Moaning Monday

Cranky and sore, I greet the new week! After yanking out the summer garden this weekend to prepare for the autumn kale, all I want to do is sit down with a book and a bath. Instead, I am gadding about online yet again… still trying to take in the latest information from my Secret Agent Man about a possible sale by the end of the week (cross your fingers with me, blogsphere!) Meanwhile, other things on my mind:

Ooh! Yet another online bookfair! Author interviews, new books to explore and more blogs – check it out!

You’ve likely heard by now that there’s been a new Robert Frost poem discovered! I was very excited to hear this, since memorizing Stopping By the Woods on a Snowy Evening was a big deal to me in junior high. Take a listen!

Hilarious picture via Big A little a, which shows, of all things … a Discworld wedding cake!!! It is gloriously wacky. Apparently, this lady runs Jane’s Cakes and lives in North Hampshire, and bakes these fabulous cakes of all kinds… Now, why can’t my sister do something interesting like this!? Who needs sheet cake when you can have a universe on the back of four elephants and a gigantic turtle!?

Finally, a good discussion about SCBWI over at Fuse#8. I guess a lot of people have never heard of SCBWI, but someone is raising some questions about the whole structure and body of the group, whether or not it is non-profit or for-profit, and what the Directors get out of it. Because this group is a governing body which also gives away Golden Kite Awards each year, which may be instrumental in propelling certain authors and/or certain houses to prominence, this question is of merit to some. The prevailing attitude seems to be that one can get out of an organization what one is prepared to put into it… which means I should do a bit more networking!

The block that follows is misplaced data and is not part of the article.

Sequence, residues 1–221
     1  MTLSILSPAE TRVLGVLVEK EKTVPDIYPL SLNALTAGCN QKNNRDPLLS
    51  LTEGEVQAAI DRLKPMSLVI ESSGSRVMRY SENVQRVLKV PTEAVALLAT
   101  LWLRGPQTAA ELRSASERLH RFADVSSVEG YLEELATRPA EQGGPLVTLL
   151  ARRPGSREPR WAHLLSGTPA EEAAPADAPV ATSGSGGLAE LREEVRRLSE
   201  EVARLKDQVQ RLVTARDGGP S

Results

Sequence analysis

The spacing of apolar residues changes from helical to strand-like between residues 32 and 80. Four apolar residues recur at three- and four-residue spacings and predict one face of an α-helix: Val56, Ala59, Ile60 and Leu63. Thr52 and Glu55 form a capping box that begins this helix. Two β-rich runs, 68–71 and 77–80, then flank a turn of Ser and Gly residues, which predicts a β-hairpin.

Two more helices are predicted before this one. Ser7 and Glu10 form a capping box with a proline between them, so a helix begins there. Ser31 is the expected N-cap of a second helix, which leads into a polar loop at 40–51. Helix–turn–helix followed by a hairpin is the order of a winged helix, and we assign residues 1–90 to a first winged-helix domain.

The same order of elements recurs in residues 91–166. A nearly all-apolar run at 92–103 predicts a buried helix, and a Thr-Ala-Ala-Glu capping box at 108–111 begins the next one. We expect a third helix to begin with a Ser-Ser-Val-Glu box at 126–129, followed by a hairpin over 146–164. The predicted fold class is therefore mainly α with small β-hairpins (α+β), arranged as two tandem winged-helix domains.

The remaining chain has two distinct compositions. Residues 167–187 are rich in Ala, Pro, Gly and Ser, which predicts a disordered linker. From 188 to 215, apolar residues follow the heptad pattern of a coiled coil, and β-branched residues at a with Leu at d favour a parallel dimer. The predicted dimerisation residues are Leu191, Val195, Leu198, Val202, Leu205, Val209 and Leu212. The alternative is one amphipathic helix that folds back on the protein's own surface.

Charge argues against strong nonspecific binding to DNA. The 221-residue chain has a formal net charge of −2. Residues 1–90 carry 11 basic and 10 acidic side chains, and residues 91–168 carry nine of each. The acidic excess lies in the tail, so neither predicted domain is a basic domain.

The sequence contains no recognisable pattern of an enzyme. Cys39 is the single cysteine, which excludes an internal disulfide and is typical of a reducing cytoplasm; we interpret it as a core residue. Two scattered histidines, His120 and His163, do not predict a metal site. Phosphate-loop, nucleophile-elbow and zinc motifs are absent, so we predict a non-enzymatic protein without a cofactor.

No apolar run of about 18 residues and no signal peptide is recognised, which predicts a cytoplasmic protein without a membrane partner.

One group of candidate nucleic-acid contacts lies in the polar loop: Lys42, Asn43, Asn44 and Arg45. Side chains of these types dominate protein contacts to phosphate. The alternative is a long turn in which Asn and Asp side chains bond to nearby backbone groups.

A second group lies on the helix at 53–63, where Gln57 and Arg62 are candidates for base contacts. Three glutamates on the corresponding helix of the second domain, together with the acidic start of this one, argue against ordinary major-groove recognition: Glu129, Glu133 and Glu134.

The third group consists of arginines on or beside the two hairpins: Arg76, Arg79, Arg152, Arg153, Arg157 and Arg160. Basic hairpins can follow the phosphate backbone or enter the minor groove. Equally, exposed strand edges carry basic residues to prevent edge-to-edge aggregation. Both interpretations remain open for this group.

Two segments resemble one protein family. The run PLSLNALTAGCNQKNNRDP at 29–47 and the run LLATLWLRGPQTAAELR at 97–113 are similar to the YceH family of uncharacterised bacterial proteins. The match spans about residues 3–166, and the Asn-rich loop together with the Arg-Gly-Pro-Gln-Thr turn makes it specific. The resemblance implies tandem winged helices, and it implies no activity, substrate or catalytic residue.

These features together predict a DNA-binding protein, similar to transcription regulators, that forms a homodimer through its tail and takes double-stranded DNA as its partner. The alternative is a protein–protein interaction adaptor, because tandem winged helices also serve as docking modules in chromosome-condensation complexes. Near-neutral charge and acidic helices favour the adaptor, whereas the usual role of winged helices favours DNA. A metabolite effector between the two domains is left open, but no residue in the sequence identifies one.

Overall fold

Happy October! Happy Autumn!

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  1. That was a VERY interesting discussion about SCBWI. I suppose I never really assumed that it was non-profit, perhaps because the word “society” has different connotations to me than “association.” To me it’s a good networking opportunity, offers some useful information, and provides the chance to see a variety of interesting speakers, and honestly, I don’t expect more out of it than that. Frankly, I try to focus my energies as much as possible on the actual task of writing, and to a secondary extent on researching markets. And if SCBWI offers a useful tidbit of news or brings a good speaker to town, well, then I’ll try to take advantage of that opportunity. And then there’s always the line on the resume.

    In all seriousness, though, I don’t consider SCBWI to be a crucial part of my identity as a writer. If I even include it in my cover letters, it’s just a small part of my background information. I’d much rather throw around my impressive academic credentials! 😉 Phi Beta Kappa sounds a lot better than SCBWI any day.

    SCBWI is a tool in my toolkit, but I want my writing to speak for itself. Call me an idealist! (And call me antisocial and bad at networking while you’re at it!)

  2. (The link is fixed! Apologies!)

    Honestly, I’d never thought about the SCBWI being either nonprofit or for profit… with the amount of $$ we put in, I always figured that someone was getting paid! Along with renting a swanky Beverly Hills office (everything in that zip code is swanky, no doubt), Lin and Steve have to pay printing costs for the newsletter, stipends to authors for appearing at Conferences, and they probably treat editors with gift packs, if not actual stipends for their Conference input as well. I’m glad to put in my money per year for that, because though it’s not always stupendously helpful, picking and choosing a few lectures and hearing authors is always good.

    In the early days of my writing, I was really lonely, and SCBWI was a place to go and sort of feel, tentatively, that I was part of something. But I couldn’t find a writing group to belong to, so I …went to graduate school.

    You’re right — SCBWI is just a tool in the toolkit, much like an MFA is another tool. Neither of them can be one’s entire identity as a writer, since, either you can write, or you can’t.

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